Without removing the strontium-titanate wafer from the cathode platen of the reactor chamber of the reactive-ion etching system, an oxygen plasma was generated in the reactor chamber to remove the PMMA resist layer. The oxygen plasma was generated by causing oxygen to flow through the reactor chamber at a flow rate of about 100 std cc/min with the pressure in the reactor chamber maintained at about 100 mTorr. The parallel-plate electrodes of the reactive-ion etching system were energized with a radio-frequency power signal having a frequency of about 13.56 MHz and a power density of approximately 0.15 watts/cm2. A DC bias potential of about -100 volts developed on the cathode platen. The etch rate for the PMMA resist was about 100 nm/min. The wafer was exposed to the oxygen plasma for about 90 seconds. After exposure to the oxygen plasma, the strontium-titanate wafer 2 was essentially cleaned of the PMMA resist 8 and bore on the substrate face essentially only the layer of silicon nitride 4 having circuit-pattern window openings 23 passing through it corresponding to the desired test circuit pattern, as shown schematically in FIG. 1(e).
The strontium-titanate wafer bearing the patterned layer of silicon nitride was removed from the reactor chamber of the reactive-ion etching system and placed in a laser-ablation deposition chamber of a laser-ablation deposition system.
The laser-ablation system comprised a vacuum tight deposition-chamber housing made of stainless steel, the interior of which defined the laser-ablation deposition chamber. The deposition-chamber housing was generally cylindrical in shape--roughly 200 mm in diameter and roughly 400 mm long--with a cylinder axis extending axially substantially centrally through the housing. The deposition-chamber housing had five port openings passing through it. Each port opening was approximately 100 mm in diameter and was fitted with a vacuum-tight flange. A port opening located at one end of the deposition chamber served as a vacuum-pump port for connecting a vacuum pump and pressure gauges. Three midplane port openings were located substantially in a plane passing approximately midway through the deposition chamber essentially perpendicular to the cylinder axis. Three radial axes substantially in the midplane extending from the cylinder axis in a radial direction and passing respectively centrally through the three midplane ports defined azimuthal angles of about 0°, about 90°, and about 135°, respectively.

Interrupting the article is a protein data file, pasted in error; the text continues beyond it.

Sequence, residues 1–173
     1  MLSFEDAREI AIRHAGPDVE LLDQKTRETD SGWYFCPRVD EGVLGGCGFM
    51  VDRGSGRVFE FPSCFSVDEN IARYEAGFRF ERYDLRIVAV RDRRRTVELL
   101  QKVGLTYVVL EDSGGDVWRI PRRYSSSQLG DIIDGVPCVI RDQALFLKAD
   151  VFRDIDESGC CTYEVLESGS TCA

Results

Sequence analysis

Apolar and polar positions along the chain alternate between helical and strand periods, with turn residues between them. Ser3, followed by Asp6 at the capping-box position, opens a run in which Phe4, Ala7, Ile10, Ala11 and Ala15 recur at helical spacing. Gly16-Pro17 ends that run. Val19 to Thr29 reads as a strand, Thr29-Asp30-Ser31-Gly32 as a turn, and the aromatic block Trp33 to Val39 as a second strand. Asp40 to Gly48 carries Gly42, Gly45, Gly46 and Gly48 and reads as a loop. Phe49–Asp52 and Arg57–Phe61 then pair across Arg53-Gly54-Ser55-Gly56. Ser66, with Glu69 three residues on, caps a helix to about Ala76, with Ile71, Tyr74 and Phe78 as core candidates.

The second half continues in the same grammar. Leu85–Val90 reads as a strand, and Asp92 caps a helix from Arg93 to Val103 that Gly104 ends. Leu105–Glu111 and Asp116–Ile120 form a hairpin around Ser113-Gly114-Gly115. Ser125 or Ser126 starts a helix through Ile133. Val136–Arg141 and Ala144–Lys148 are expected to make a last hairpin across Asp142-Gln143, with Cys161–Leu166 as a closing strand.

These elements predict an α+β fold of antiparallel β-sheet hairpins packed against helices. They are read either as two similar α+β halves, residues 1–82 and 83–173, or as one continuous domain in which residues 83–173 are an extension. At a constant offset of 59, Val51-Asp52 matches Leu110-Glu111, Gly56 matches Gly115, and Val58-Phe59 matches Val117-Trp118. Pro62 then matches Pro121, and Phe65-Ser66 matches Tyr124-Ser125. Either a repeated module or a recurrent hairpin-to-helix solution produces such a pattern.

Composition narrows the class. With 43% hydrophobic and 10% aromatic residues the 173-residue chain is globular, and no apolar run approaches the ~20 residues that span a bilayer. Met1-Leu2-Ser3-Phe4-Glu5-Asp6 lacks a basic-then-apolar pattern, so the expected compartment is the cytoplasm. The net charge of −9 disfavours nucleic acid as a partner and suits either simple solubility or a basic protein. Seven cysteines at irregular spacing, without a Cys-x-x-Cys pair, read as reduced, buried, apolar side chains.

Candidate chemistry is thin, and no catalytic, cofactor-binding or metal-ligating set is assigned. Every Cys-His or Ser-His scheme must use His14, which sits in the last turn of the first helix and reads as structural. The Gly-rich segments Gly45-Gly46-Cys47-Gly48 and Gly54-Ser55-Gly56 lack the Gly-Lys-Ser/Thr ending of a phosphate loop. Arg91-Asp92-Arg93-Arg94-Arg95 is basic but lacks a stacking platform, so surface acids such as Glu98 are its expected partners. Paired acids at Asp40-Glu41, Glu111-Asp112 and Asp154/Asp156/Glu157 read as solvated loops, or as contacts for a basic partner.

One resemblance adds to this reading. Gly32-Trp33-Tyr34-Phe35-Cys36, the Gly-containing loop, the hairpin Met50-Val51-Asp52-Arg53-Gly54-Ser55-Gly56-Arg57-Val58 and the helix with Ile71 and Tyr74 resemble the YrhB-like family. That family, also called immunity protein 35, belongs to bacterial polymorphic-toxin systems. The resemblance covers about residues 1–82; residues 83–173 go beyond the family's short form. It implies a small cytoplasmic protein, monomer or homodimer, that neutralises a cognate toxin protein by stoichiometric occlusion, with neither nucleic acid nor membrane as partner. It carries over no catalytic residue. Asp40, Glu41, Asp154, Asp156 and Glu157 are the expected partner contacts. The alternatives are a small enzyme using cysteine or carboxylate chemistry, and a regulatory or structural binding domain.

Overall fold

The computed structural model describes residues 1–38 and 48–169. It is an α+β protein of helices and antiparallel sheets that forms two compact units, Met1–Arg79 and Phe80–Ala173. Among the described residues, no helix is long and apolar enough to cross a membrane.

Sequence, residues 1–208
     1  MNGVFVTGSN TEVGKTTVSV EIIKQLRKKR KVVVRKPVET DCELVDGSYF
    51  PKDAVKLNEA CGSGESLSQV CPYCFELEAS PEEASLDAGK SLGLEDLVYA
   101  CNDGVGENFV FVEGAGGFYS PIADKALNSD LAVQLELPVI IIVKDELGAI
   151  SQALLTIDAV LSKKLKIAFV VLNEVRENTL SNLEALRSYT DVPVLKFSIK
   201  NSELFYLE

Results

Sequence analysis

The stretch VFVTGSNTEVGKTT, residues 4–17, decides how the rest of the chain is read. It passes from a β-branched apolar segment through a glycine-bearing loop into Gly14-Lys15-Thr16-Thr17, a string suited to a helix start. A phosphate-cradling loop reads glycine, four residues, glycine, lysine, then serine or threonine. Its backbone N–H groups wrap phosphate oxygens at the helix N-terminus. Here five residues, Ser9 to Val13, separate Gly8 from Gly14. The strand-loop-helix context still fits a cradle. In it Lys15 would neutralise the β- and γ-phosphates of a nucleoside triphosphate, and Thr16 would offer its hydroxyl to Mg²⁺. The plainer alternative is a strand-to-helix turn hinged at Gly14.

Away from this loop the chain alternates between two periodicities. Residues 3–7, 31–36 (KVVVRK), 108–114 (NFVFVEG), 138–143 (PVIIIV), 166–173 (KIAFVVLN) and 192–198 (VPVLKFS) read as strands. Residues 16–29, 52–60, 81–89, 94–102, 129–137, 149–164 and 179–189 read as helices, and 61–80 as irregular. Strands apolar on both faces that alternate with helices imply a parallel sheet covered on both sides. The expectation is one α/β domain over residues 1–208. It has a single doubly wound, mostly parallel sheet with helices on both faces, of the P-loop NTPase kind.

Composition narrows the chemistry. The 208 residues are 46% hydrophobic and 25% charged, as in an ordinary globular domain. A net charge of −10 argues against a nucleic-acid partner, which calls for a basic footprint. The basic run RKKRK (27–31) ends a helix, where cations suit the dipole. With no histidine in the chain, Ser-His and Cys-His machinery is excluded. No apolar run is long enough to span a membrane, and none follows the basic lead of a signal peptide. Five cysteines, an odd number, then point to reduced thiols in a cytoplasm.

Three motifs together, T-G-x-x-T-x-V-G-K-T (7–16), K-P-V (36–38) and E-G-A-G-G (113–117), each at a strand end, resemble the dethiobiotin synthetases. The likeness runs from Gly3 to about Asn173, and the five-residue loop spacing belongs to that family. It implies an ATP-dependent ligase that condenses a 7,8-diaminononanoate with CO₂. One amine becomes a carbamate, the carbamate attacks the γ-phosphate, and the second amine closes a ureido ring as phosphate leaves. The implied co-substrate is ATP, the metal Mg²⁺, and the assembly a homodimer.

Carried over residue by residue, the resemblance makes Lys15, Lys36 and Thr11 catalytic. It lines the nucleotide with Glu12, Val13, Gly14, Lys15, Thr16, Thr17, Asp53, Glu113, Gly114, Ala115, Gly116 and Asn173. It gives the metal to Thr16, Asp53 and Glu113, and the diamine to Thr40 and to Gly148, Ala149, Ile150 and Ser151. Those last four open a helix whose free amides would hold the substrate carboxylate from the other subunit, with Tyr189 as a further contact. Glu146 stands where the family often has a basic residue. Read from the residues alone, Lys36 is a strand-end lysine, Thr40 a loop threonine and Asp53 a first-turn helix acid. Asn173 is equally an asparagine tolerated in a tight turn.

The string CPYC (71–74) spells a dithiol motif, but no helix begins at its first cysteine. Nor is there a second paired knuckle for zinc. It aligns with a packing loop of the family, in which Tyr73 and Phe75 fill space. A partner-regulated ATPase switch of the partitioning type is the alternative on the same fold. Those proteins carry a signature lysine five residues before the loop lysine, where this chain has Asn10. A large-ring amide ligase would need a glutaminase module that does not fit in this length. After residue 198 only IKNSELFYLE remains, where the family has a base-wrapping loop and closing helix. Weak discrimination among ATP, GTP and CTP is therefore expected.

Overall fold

The midplane port opening through which the radial axis associated with the approximately 90° azimuthal angle passed served as a holder-jig port for receiving an ablation-source/deposition-substrate holder jig of the laser-ablation system. The ablation-source/deposition-substrate holder jig included an ablation-source-material pellet holder adapted to hold a pellet of an ablation source material and a deposition-substrate holder adapted to hold the strontium-titanate wafer bearing the patterned coating of silicon nitride. The ablation-source-material pellet holder and the deposition-substrate holder were made of stainless steel.
The deposition-substrate holder could be heated resistively to about 900° C. A deposition-substrate holder thermocouple was embedded in the deposition-substrate holder for monitoring the temperature of the deposition substrate holder during the deposition process. For effective thermal contact, the strontium-titanate wafer substrate was glued to the deposition-substrate holder with a silver paste. A thermocouple lead with a substrate-surface thermocouple at its end extended from the deposition-substrate holder to permit the temperature of a deposition surface of the strontium-titanate wafer mounted in the holder to be measured during the laser-ablation deposition process.
When the ablation-source/deposition-substrate holder jig was located in the laser-ablation deposition chamber in an operating position and orientation, the ablation-source-material pellet holder and the deposition-substrate holder held the disk-shaped ablation-source-material pellet and the strontium-titanate substrate wafer in an opposing face-to-face orientation spaced apart from one another by about 45 mm.
In addition, the deposition-substrate holder permitted the strontium-titanate substrate wafer mounted in the holder to be pivoted approximately 90° about an axis substantially parallel to the axis of the laser-ablation deposition chamber to permit the work-face side of the coated wafer to face the midplane port associated with the radial axis corresponding to the azimuthal angle of about 0°.